Can short courses be a stepping stone to drama school?
Short courses aimed primarily at preparing students for drama school have mushroomed in recent years. They feed a lot of income into the organisations that teach them, but just how useful are they to students and what are the pros and cons?
The thinking is that few secondary school drama departments have the expertise to coach students in audition techniques, which is why so many of them fail to get into drama school at the first attempt. They simply don’t know how to present their own potential convincingly enough for a drama school panel to spot it.
So someone had the bright idea of running short – usually nine months within a single academic year – foundation courses to make good the shortfall. When it’s done well it clearly works. Dorset School of Acting, based in the Lighthouse in Poole, ran one-year part-time courses for several years three days a week and reported a 100% success rate in getting its participants into accredited schools. Liam Jefford, 20, for example, is now in his first year at RADA. “I was turned down by every school I applied for in 2013. Then I did the DSA foundation course and 12 months later I had offers to choose from,” he says.
People drop out of drama school because they had no idea just what hard work it is
On the other hand, not every foundation course boasts that sort of success rate. Many drama schools, including RADA, LAMDA, Rose Bruford and Manchester School of Acting, now run their own foundation courses. Of course, there is no guarantee of a place on the provider’s two or three-year course at the end of it, although some students do progress from one to another. And there are always some in any group who apply successfully to different schools. On the whole, though, the number of students moving on to the next stage is low.
“A foundation course can act as a taster,” said the principal of one drama school, who asked not to be named. “We have students who come here and enjoy the work for a few months before realising that this isn’t what they want to do full-time, so they go off and do something different at the end of it. And that’s fine. It’s a useful lesson learned.”
A student added: “Yes, I think it’s a rip-off when you look at how many people drop out of standard drama school training because they had no idea just what hard work it is. A good foundation course makes that clear at the start.”
I’ve met students who treat a foundation course as a “year out” project between school and university. They like the performing arts and think the skills will be useful but have no intention of becoming professional actors. Royal Central School of Speech and Drama even offers a course called a gap-year diploma alongside its part-time foundation diplomas in acting and musical theatre, specifically to accommodate the “year out” types.
The majority of foundation course students, though, have a yearning hunger to work professionally in the industry and see the foundation course as a first step on the ladder.
Although you usually have to audition, these courses often aren’t as difficult to get on to as full-blown vocational ones because, in general, providers need to fill the places. The downside, however, is funding. Foundation courses often aren’t covered by the student loan or grant schemes and – apart from one or two scholarships offered by providers – participants have to self-fund which, for a full-time year, is likely to mean £6,000-£9,000 plus accommodation and subsistence.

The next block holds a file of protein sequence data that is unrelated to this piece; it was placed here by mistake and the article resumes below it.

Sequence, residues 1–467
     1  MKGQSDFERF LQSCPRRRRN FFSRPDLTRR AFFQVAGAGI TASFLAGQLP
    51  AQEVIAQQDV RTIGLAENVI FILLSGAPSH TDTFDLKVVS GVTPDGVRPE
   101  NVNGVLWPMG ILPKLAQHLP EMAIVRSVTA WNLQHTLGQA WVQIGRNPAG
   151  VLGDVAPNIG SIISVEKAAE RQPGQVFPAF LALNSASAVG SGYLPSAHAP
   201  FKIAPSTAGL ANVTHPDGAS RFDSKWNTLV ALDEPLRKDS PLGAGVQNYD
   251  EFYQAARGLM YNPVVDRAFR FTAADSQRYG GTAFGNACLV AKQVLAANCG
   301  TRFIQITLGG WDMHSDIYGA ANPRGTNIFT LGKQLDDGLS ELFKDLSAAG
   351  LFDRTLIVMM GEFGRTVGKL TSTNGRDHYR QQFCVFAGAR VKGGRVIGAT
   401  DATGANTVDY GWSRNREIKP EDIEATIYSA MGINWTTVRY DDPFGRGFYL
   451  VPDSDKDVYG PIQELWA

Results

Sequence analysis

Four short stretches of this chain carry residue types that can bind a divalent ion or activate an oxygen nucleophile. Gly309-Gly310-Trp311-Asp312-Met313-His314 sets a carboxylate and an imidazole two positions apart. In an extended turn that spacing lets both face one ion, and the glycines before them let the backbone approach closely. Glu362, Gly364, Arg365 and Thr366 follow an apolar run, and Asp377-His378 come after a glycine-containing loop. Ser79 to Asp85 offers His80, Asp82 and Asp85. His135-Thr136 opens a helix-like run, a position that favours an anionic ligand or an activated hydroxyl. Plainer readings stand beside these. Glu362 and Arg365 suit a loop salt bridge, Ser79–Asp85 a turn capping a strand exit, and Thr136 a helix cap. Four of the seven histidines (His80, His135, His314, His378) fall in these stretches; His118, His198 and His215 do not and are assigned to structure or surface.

That’s why an increasing number of foundation courses are offered part-time. Mountview, for example, runs a one-year foundation course in acting part-time three evenings a week, enabling students to work at the same time in order to fund it. The fee for this is currently £2,150 for nine hours a week across three terms. This was the route Samantha Hull chose in 2008.
“We had all the facilities the full-time Mountview students had, including the same teachers and a showcase at the end. It gave me an insight into what the industry is like before committing to three years and a lot of money,” she says. In the event, after her foundation course, Hull did the two-year accelerated musical theatre course at Musical Theatre Academy, graduated from there in 2011 and has been in near continual employment ever since.
Oxford School of Drama has a full-time foundation course which runs for just six months, to give the students the opportunity to work to fund the course during the other half of the year. There are also rep-style companies – such as Fourth Monkey – offering on-the-job foundation training, although you still have to pay a fairly high tuition fee: £6,000 for Fourth Monkey’s one-year course at present.
One of the most interesting foundation course options of all is probably Peer Productions in Surrey. Their free – yes, free – one-year actor development programme for 17-23-year-olds involves training through making and taking productions into schools and the community as well as some academic assignments. Graduates of the programme have gone on to Guildford School of Acting, East 15, Rose Bruford, LAMDA, Liverpool Institute for Performing Arts and the Royal Central School of Speech and Drama, as well as to schools in the US.
So, as with so many options in this industry, you can’t generalise about foundation courses because they come in many forms. And there’s no doubt that for some of the larger schools the income from them helps to balance the books. Are they, in general, a useful contribution to the performing arts training industry?
Let Samantha Hull have the last word: “Yes, I think so. A foundation course can be a good stepping stone from college, school or amateur dramatics – as long as you go into the course knowing that only two or three of you are likely to get on to a full vocational course.”